Food Trends Millennials (and Top Chefs) are Talking About: Fermented Foods

By Carlynn Woolsey, Foodable Contributor

It might seem counterintuitive to even consider serving “rotten” food to customers, but that is basically what chefs everywhere are doing when plating up portions of fermented cabbage, carrots, cucumbers, and radishes ­— and these are only the most basic options available when it comes to fermented foods. Believe it or not though, some of the healthiest, tastiest — and currently — the trendiest foods we can eat are bathed in their own bacteria. 

Fermentation 101

There are two basic methods used to ferment foods. The first method is characterized by the transformation of sugar to alcohol using yeast (think beer). The second is commonly referred to as lacto-fermentation because lactic acid is produced when fruits and vegetables are mixed with salt and deprived of oxygen. The time it takes for a mixture to ferment can vary from a mere couple of hours to months, and in rare cases, it can take years. 

Foodable WebTV Network

Foodable WebTV Network

Historically Speaking

Our forefathers (and likely their fathers before that) fermented food not only because it tasted delicious, but because it preserved it, too. Fermentation essentially produces ‘good’ bacteria, which in turn prevents any ‘bad’ bacteria from forming. As you might imagine, this fact was especially important before the advent of refrigeration and modern-day preservatives. Pickled roots, grape leaves, and sauerkraut are all traditional fermented foods. 

Present Tense

Fermentation has seriously evolved over the last several years, and products that have been relatively under-the-radar in the past are now at the forefront of the culinary scene. A few of these products include:

Kombucha – A fizzy, fermented black tea that can contain up to seven microorganisms at a time, which will help to keep your digestive tract healthy and provide a natural energy boost. Mixologists are brewing their own versions, enhanced by fruit, honey, and chia seeds.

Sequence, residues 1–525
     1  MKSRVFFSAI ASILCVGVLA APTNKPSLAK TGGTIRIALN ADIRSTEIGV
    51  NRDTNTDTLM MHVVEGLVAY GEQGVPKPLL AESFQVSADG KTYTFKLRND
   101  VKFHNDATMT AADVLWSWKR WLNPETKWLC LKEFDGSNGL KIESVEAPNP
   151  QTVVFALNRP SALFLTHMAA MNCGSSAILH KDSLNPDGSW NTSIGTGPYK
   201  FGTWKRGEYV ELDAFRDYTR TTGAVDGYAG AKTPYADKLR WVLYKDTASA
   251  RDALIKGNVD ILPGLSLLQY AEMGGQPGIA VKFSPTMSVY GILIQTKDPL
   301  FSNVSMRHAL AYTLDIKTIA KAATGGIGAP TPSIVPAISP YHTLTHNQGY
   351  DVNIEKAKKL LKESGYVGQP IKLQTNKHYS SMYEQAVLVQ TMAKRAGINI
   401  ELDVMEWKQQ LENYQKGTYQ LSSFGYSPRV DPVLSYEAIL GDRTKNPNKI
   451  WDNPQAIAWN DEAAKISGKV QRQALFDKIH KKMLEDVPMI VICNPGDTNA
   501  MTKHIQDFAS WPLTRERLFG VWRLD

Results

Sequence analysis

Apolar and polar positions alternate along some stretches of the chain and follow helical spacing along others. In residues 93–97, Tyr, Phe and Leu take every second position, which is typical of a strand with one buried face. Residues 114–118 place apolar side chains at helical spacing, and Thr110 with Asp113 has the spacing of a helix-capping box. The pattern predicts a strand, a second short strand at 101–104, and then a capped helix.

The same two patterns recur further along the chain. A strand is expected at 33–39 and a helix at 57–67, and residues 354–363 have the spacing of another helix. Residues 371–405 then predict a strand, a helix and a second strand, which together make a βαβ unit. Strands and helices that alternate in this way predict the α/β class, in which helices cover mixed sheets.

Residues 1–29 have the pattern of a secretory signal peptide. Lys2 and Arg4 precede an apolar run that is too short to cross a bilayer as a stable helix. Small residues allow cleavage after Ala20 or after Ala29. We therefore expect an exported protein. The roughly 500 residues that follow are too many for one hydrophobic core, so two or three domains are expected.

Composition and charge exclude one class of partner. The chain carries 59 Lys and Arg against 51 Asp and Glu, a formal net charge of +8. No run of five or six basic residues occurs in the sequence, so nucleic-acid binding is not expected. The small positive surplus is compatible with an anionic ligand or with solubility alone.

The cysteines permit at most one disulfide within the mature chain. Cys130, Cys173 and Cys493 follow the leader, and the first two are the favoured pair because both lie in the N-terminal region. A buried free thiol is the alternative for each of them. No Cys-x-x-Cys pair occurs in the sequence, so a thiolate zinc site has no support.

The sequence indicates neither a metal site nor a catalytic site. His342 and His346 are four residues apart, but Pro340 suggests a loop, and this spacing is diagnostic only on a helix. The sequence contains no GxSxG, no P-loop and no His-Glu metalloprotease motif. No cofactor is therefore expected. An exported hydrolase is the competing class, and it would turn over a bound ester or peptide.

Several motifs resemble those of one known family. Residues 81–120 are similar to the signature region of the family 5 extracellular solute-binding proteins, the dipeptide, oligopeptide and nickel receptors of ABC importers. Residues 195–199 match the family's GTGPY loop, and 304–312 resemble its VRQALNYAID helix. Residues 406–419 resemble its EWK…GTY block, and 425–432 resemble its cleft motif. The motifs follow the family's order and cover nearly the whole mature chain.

Kimchi – This spicy Korean cabbage dish is currently being served up next to noodle bowls and hamburgers alike. 

Coconut Yogurt – As more consumers turn to dairy-free diets, this yogurt is becoming increasingly popular because it still packs the same probiotic punch as Greek and regular varieties.

Foodable WebTV Network

Foodable WebTV Network

The Name Game

Big name chefs are, in part, driving the sales of these products as they tout the use of fermented foods in their own restaurants. David Chang is leading the charge by turning a portion of his New York City-based Momofuku empire into a fermentation test lab and production facility. In November of 2013, Chang gave a lecture at Harvard University in which he described fermentation as “when rotten goes right.” It appears to be going right for the likes of Marc Vetri and Jean-Georges, too, as they are also advocates of in-house fermentation practices, making their own cheeses, meats, and pickled vegetables.

Beyond the Trend

As if the accessibility factor alone is not enough to encourage you to eat fermented foods on a regular basis, consider that they are extremely healthy and easy to make at home, as well. The bacteria present in these foods encourages the production of intestinal flora that can heal digestive problems, boost overall immunity, and aid in weight loss. 

 DIY beginners might want to start by tightly packing a Mason Jar with shredded cabbage and a pinch of salt to create a basic sauerkraut. The mixture will be ready after sitting sealed, at room temperature, for 3-5 days. For the more advanced, try making your own lacto-fermented pickles by covering sliced cucumbers in a brine of filtered water and salt, with layers of garlic cloves, herbs, and grape leaves. Once the brine turns cloudy, the pickles will be ready, and you can snack on the latest good-for-you trend!